Available at: http://aidsinfo.nih.gov/guidelines/default_db2.asp?id=50
Department of Veterans Affairs All HIV patients with confirmed, chronic HCV infection should be
evaluated for HCV treatment since (i) HCV treatment can lead to a
sustained virological response (SVR), defined as an undetectable HCV
RNA six months after discontinuing therapy; and (ii) HCV treatment may
slow the progression of hepatic fibrosis and/or delay the onset of clinical
consequences of decompensated cirrhosis.45
Management and Treatment of Hepatitis C Virus Infection in HIV Infected Adults: Recommendations From the Veterans Affairs Hepatitis C Resource
Center Program and National Hepatitis C Program Office (September, 2005).
Available at: http://hepatitis.va.gov/vahep?page=tp04-gd-01
Federal Bureau of Prisons HCV-related liver disease has now emerged as a serious concern for many
persons with HIV infection. Antiviral therapy should be considered for
inmates with chronic HCV and HIV coinfection, since HIV may accelerate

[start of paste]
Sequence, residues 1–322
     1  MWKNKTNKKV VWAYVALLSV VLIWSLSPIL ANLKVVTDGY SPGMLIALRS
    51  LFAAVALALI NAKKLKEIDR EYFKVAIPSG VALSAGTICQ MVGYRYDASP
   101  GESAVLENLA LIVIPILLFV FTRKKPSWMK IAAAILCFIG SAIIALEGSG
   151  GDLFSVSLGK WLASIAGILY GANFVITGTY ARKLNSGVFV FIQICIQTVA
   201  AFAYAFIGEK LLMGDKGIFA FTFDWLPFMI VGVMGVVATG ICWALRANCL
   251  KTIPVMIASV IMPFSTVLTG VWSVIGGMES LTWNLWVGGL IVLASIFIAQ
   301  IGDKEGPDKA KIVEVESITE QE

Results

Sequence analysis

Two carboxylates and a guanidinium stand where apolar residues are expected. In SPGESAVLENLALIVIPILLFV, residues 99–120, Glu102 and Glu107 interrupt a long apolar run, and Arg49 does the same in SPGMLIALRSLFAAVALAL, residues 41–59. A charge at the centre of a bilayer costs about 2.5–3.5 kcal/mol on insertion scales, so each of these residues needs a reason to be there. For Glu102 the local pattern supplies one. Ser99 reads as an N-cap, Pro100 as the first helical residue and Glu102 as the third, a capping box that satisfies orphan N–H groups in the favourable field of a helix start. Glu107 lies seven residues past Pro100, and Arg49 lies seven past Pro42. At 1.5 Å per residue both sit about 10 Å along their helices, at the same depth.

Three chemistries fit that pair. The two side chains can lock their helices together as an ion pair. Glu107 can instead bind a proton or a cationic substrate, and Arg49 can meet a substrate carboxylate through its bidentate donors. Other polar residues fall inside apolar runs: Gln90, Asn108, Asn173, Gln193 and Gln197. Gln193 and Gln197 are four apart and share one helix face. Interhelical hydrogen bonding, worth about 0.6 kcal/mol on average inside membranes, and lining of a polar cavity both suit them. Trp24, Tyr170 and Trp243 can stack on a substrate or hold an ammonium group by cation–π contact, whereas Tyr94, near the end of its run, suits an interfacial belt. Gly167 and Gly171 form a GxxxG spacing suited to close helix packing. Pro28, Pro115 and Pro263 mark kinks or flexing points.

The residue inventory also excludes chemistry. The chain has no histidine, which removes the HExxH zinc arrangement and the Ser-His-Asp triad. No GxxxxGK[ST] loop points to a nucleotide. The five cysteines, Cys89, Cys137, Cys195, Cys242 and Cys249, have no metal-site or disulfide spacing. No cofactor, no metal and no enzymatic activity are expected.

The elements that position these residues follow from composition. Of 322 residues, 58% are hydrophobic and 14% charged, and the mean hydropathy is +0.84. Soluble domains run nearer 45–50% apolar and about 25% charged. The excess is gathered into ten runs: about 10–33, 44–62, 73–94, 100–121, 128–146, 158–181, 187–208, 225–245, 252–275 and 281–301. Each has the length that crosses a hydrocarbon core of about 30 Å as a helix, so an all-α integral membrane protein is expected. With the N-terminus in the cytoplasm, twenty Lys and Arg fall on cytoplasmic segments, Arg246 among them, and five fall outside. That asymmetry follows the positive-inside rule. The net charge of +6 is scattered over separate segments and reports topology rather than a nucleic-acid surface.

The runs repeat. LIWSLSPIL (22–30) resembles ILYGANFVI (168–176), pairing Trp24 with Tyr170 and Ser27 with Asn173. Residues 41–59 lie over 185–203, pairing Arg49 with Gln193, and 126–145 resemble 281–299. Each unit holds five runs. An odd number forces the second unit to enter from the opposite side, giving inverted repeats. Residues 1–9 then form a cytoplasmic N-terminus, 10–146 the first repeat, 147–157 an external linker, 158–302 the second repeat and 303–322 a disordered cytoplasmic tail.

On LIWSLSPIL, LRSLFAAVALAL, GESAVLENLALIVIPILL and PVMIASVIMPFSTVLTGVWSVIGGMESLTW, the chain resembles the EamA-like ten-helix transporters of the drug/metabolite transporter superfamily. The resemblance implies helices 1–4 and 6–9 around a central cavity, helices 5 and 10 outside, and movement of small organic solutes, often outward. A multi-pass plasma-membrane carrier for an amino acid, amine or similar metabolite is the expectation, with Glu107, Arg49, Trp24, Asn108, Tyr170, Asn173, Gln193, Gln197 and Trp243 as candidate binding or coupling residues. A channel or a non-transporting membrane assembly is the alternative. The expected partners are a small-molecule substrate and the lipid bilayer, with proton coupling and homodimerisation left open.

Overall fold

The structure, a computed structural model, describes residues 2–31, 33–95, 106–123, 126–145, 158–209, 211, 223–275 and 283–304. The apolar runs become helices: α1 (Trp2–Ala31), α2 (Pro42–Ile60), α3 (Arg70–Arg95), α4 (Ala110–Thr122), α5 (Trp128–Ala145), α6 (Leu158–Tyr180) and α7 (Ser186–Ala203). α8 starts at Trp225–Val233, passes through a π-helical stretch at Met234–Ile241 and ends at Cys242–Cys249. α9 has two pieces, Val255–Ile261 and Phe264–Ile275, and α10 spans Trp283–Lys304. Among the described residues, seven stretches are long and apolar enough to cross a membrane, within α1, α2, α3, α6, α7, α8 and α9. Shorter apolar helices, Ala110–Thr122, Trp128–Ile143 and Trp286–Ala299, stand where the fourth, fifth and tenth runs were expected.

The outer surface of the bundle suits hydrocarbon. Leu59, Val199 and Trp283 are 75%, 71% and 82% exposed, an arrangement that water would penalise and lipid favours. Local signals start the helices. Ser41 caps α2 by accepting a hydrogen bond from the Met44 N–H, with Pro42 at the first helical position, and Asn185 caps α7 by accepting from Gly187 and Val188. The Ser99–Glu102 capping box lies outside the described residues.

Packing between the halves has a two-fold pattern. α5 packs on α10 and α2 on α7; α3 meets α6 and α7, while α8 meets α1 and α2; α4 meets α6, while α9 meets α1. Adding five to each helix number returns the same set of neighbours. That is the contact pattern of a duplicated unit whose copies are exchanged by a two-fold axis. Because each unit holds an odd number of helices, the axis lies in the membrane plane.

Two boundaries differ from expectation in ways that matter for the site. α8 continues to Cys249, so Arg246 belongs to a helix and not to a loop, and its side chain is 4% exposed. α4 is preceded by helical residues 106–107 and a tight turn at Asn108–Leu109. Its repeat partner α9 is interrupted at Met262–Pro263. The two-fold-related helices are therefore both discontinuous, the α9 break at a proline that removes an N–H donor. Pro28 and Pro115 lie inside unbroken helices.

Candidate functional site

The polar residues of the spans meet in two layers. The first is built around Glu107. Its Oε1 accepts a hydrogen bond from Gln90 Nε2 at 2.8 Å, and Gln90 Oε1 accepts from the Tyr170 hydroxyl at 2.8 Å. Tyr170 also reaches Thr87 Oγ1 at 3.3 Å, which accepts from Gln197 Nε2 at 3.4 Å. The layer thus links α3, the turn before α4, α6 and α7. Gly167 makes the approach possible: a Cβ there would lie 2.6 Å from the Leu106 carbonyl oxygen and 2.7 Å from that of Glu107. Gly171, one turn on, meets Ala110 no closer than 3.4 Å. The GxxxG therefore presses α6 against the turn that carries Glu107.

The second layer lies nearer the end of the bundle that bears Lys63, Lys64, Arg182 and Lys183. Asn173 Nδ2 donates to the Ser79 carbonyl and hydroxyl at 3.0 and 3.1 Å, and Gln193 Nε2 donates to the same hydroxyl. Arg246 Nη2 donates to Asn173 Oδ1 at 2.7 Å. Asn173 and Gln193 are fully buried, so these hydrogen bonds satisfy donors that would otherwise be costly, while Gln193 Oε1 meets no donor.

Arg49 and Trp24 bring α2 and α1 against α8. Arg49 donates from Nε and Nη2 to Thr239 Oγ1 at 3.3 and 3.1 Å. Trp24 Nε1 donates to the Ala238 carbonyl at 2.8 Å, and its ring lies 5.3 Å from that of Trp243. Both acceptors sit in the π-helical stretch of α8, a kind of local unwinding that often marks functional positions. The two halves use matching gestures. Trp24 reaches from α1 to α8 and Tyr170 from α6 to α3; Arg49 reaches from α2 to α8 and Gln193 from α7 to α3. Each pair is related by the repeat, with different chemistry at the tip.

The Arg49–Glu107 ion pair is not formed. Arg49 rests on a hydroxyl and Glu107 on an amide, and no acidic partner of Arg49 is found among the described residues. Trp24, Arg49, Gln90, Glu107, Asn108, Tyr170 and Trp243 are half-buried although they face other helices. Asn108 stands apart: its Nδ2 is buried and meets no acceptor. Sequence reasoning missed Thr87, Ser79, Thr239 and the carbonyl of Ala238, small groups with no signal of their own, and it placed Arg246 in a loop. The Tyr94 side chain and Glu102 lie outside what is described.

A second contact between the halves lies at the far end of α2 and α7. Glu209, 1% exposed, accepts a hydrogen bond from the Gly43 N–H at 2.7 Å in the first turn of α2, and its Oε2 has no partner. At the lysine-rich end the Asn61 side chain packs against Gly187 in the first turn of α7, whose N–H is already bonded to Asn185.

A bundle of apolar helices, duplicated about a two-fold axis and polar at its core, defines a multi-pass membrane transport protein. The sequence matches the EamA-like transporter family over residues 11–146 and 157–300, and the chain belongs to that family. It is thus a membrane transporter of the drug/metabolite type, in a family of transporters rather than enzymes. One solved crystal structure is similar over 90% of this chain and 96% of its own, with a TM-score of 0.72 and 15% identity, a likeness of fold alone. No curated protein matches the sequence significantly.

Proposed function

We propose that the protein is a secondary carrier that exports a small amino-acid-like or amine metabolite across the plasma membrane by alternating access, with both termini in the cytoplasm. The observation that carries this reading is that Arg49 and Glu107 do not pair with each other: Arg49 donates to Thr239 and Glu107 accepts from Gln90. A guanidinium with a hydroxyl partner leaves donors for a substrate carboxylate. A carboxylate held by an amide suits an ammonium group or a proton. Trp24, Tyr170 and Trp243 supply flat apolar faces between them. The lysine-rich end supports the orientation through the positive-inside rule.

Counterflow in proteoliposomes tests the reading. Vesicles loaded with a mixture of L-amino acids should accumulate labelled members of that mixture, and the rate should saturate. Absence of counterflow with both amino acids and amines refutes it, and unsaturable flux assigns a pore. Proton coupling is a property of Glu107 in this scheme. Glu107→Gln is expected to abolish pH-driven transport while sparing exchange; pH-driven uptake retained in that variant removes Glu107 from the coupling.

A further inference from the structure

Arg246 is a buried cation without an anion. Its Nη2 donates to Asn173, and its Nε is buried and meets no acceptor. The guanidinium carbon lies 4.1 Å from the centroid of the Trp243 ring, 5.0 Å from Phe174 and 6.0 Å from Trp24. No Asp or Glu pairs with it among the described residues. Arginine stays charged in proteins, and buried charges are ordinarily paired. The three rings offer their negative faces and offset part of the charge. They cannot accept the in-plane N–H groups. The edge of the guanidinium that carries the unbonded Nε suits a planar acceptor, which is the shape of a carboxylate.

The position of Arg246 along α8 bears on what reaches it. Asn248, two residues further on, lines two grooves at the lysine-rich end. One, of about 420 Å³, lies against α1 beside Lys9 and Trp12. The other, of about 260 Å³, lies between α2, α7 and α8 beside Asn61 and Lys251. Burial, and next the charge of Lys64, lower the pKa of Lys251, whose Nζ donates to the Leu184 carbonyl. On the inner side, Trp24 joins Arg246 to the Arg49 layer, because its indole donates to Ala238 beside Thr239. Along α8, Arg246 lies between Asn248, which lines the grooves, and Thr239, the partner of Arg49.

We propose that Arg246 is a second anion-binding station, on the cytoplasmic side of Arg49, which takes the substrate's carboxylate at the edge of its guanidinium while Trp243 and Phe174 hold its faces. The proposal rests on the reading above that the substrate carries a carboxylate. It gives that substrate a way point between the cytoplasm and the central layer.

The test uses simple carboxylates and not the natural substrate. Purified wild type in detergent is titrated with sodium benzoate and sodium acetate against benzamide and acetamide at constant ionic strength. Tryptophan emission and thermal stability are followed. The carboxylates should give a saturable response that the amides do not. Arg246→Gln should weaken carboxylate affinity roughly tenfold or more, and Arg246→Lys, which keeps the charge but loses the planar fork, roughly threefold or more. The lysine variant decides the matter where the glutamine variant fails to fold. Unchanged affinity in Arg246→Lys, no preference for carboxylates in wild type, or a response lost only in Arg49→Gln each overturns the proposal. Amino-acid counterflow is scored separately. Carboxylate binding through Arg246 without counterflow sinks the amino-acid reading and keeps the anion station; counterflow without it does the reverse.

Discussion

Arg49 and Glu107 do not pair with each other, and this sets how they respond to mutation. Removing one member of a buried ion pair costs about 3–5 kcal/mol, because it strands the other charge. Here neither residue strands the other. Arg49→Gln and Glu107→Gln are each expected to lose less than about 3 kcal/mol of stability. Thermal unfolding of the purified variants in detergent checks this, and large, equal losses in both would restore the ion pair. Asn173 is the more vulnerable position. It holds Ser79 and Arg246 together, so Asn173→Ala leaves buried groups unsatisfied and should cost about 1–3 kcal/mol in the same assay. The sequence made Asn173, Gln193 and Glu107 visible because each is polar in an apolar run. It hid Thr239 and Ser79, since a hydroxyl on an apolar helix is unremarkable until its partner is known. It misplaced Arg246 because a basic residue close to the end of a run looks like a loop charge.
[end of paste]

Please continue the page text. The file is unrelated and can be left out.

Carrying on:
the development of fibrosis and subsequent end-stage liver disease.
Clinical Practice Guidelines for the Prevention and Treatment of Viral Hepatitis. (February 2003).
Available at: http://nicic.org/Library/016972
Often, real-life situations are less clear-cut. Because many people present with both
advanced HIV disease and advanced HCV disease, clinicians often start HAART first, so
that side effects from antiretroviral agents can be identified and managed. Antiretroviral
regimens for coinfected people should be selected carefully to reduce the risk for
hepatotoxicity and avoid interactions with HCV treatment. Some patients who start HIV
treatment with a low CD4 cell count do not achieve a CD4 count of more than 200/mL,
although they have a stable or undetectable HIV RNA; those patients should be evaluated
for HCV treatment on an individual basis. Although it is possible to initiate treatment for